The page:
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Experts confirm Trump will play a starring role in the future of our planet.

On Wednesday, a group of prominent climate scientists, politicians, and corporate leaders released a statement in the journal Nature warning that we only have three years to stop adding carbon dioxide to the atmosphere before certain negative impacts of climate change become irreversible. In fact, by the year 2020, the statement says, global greenhouse gas emissions must actually start to curve downwards, or else it will likely become impossible to limit the harmful impacts of climate change.

Led by U.N. diplomat Christiana Figueres and co-signed by climate scientist Michael Mann and California Governor Jerry Brown, among others, the group said these findings have “more to do with physics than politics.” At maximum, humans can only emit 600 billion more tons of carbon dioxide if we want to achieve the goals of the Paris climate agreement, which sought to keep global temperatures from rising 1.5 to 2 degrees Celsius. Right now, humans emit about 41 billion tons of carbon dioxide every year, which means we’ll use up that allowance within 15 years. Therefore, we need to start slowly reducing emissions right now; or, at the very latest, by the year 2020.

Theoretically, Donald Trump will still by president by the year 2020. And considering he’s the leader of the world’s second-largest emitter of carbon dioxide, it’s safe to say he’ll play a key role in determining whether global emissions slow down enough by that time. Indeed, in comments described by the Washington Post, Figueres acknowledged the group’s statement “was directly aimed at influencing the upcoming G-20 meetings in Germany,” where countries are expected to pressure Trump over his recent decision to withdraw the United States from the Paris accord. Clearly, the authors know U.S. action is key to achieving the 2020 goal.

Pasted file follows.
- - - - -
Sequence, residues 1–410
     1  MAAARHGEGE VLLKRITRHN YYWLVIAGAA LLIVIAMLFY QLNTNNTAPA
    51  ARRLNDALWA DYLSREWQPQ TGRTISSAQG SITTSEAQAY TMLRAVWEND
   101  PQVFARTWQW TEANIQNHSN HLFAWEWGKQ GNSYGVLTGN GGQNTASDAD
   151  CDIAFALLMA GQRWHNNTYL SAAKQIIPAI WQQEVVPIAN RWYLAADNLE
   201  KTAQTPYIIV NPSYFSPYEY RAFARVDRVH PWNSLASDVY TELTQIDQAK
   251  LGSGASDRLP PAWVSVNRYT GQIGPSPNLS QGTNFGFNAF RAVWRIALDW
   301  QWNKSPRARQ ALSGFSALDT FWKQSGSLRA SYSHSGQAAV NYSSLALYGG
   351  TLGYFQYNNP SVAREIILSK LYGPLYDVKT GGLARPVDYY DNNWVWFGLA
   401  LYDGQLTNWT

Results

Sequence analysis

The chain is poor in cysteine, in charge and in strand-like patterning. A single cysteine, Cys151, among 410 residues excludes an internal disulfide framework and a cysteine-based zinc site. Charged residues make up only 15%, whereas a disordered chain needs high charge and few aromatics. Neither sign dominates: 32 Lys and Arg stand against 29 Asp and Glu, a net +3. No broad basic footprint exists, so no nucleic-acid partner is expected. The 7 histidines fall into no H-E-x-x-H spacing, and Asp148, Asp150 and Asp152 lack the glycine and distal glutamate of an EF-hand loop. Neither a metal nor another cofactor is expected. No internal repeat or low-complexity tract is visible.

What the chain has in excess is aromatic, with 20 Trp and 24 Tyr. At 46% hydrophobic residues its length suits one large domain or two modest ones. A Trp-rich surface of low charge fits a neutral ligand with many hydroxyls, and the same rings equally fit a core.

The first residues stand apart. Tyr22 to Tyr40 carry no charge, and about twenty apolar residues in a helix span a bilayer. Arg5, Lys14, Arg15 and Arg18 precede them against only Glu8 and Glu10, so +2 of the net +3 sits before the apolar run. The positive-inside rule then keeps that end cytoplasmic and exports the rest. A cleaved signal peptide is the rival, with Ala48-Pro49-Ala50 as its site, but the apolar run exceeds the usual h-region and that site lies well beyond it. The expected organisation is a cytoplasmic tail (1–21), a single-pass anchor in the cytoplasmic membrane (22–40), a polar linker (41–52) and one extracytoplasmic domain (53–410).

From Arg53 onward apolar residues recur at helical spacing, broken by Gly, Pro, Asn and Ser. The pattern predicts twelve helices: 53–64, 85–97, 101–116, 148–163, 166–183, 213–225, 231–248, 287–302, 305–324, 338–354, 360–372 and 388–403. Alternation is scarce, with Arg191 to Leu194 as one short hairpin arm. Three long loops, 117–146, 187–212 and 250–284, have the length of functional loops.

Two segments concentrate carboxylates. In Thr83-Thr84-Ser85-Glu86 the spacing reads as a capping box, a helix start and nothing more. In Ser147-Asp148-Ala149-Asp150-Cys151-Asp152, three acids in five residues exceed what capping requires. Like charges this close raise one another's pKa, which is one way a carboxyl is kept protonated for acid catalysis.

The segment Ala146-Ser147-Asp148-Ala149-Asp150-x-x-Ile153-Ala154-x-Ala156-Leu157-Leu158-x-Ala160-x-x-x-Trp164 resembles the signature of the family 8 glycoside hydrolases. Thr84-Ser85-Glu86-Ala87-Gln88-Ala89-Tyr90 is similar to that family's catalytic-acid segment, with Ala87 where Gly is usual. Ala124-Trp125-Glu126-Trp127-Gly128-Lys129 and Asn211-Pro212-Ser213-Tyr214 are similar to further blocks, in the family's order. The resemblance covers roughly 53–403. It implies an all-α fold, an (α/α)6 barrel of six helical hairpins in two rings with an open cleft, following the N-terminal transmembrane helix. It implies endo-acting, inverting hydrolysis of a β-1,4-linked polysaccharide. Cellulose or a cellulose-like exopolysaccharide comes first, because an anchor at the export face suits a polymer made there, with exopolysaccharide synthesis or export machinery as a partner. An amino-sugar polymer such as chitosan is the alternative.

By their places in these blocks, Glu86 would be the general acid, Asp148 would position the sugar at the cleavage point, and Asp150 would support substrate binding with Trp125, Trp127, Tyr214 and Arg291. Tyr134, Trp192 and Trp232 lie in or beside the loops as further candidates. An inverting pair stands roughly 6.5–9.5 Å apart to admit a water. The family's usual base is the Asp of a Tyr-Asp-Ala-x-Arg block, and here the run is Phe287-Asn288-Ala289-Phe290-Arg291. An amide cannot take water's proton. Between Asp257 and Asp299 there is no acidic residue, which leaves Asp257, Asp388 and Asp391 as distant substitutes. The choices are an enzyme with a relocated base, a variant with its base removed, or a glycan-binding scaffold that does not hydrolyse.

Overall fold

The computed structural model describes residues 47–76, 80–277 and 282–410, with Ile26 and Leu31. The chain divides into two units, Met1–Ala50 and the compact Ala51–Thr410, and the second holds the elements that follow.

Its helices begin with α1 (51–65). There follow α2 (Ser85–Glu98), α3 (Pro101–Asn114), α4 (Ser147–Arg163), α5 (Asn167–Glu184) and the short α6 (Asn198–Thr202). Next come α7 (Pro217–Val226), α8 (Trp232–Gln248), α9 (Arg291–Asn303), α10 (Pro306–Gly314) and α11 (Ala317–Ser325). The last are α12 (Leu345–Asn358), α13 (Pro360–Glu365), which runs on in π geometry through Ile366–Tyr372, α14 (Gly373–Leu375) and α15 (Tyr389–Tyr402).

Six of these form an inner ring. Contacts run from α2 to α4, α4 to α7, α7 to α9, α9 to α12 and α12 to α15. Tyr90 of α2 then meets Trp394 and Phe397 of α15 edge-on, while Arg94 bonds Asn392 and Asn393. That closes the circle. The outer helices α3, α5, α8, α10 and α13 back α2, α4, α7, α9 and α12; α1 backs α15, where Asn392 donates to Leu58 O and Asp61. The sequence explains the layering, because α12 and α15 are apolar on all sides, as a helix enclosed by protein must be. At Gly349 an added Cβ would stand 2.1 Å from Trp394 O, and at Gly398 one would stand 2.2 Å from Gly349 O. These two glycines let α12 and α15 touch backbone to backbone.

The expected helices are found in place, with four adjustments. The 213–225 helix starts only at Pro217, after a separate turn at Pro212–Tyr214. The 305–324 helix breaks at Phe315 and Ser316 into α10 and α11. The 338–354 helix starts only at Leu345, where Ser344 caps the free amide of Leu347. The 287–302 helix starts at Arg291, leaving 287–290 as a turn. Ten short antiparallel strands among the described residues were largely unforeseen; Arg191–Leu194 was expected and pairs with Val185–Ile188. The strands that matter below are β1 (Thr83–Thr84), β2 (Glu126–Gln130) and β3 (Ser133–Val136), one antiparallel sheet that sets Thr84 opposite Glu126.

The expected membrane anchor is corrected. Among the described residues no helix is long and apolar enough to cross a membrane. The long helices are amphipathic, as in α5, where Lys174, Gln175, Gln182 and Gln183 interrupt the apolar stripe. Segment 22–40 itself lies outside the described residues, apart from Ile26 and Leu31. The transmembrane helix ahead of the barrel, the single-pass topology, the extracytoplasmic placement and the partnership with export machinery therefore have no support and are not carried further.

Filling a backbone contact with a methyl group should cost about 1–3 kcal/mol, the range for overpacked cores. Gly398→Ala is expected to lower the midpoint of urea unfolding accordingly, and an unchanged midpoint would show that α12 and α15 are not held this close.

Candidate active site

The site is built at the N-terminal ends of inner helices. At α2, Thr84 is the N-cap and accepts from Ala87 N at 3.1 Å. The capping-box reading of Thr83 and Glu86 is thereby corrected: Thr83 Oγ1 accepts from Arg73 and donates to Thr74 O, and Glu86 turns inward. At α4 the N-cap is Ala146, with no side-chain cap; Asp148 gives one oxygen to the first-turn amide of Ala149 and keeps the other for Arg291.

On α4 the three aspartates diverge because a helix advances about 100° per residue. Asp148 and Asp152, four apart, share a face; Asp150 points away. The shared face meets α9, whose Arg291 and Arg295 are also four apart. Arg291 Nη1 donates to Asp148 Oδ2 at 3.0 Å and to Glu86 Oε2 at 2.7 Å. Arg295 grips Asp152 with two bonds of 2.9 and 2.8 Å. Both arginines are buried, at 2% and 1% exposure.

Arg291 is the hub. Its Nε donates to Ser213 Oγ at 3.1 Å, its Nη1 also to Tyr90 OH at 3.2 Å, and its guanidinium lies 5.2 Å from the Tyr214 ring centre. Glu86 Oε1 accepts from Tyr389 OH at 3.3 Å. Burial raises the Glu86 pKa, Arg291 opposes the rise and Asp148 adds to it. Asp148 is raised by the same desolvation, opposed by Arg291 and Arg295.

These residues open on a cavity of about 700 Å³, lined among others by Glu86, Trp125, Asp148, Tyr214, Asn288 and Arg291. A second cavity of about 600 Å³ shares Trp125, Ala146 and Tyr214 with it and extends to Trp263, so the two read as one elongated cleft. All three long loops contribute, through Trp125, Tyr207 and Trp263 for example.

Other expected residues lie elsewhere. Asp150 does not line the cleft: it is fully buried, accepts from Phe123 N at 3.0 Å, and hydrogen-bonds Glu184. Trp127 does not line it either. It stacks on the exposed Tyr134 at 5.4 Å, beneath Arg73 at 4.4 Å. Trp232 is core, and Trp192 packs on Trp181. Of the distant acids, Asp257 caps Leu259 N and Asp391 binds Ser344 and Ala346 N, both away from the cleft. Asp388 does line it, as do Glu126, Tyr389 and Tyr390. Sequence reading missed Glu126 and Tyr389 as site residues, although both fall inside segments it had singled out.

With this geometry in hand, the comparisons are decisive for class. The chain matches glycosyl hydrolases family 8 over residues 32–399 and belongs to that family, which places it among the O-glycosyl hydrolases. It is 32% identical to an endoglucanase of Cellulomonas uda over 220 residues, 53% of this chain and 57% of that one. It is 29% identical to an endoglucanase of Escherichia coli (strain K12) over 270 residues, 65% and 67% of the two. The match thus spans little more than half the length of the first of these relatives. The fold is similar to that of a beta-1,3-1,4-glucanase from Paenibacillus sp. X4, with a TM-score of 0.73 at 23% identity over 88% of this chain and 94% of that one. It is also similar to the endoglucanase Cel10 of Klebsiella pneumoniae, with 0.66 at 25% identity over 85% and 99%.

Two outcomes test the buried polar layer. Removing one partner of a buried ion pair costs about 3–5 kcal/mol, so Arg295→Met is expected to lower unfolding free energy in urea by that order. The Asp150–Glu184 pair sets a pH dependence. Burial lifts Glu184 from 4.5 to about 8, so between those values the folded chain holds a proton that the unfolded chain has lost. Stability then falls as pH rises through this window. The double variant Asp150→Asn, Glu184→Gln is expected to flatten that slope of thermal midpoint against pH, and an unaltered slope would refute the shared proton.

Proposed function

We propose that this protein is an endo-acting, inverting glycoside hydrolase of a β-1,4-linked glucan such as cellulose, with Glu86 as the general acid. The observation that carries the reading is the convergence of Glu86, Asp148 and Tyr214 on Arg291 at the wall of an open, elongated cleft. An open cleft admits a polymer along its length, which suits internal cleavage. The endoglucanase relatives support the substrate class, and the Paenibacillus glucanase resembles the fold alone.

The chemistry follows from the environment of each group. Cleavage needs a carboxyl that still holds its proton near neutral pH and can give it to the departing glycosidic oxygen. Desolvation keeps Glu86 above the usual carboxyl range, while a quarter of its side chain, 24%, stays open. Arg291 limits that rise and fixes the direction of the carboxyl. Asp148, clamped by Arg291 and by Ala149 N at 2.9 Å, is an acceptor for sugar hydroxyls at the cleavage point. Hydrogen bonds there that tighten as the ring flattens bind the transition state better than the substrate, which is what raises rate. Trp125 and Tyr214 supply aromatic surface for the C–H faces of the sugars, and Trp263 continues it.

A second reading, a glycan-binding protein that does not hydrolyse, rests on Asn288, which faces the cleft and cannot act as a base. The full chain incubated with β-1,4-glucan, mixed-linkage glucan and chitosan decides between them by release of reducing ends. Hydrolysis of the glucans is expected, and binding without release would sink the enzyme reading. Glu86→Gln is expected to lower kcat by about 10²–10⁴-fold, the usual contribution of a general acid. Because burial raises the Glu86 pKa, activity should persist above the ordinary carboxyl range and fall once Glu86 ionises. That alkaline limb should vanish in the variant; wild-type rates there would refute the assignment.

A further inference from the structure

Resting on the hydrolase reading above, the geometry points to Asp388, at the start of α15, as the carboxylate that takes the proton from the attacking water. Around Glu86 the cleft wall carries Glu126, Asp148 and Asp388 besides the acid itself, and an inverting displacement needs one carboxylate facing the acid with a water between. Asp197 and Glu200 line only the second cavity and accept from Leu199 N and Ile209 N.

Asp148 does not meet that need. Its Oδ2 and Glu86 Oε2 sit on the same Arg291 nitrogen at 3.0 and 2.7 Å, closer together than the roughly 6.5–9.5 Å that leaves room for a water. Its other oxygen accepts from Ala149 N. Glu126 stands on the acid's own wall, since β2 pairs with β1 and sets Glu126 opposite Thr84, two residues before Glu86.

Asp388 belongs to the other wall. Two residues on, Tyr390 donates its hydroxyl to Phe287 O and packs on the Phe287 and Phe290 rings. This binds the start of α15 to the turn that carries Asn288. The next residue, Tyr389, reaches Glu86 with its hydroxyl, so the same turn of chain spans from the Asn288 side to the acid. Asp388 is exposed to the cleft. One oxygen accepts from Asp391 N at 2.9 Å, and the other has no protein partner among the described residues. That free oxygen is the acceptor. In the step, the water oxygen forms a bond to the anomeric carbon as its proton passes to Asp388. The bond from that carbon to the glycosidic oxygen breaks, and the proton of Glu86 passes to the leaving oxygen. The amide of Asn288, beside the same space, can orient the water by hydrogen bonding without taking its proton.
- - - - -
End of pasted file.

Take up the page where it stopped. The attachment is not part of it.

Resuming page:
But there are no current actions being taken by the Trump administration to reduce U.S. carbon emissions. Quite the opposite. Trump has dubbed this week “energy week,” touting all the actions he’s taken that increase emissions: attempting to revitalize the coal industry, signing an executive order to drill for oil in the Arctic and Atlantic oceans, and boosting exports of oil and natural gas. “Together, we are going to start a new energy revolution—one that celebrates American production on American soil,” Trump said.

Figueres’s group of optimists is calling for a different kind of revolution: “a six-point plan for turning the tide of the world’s carbon dioxide.” The clock is ticking.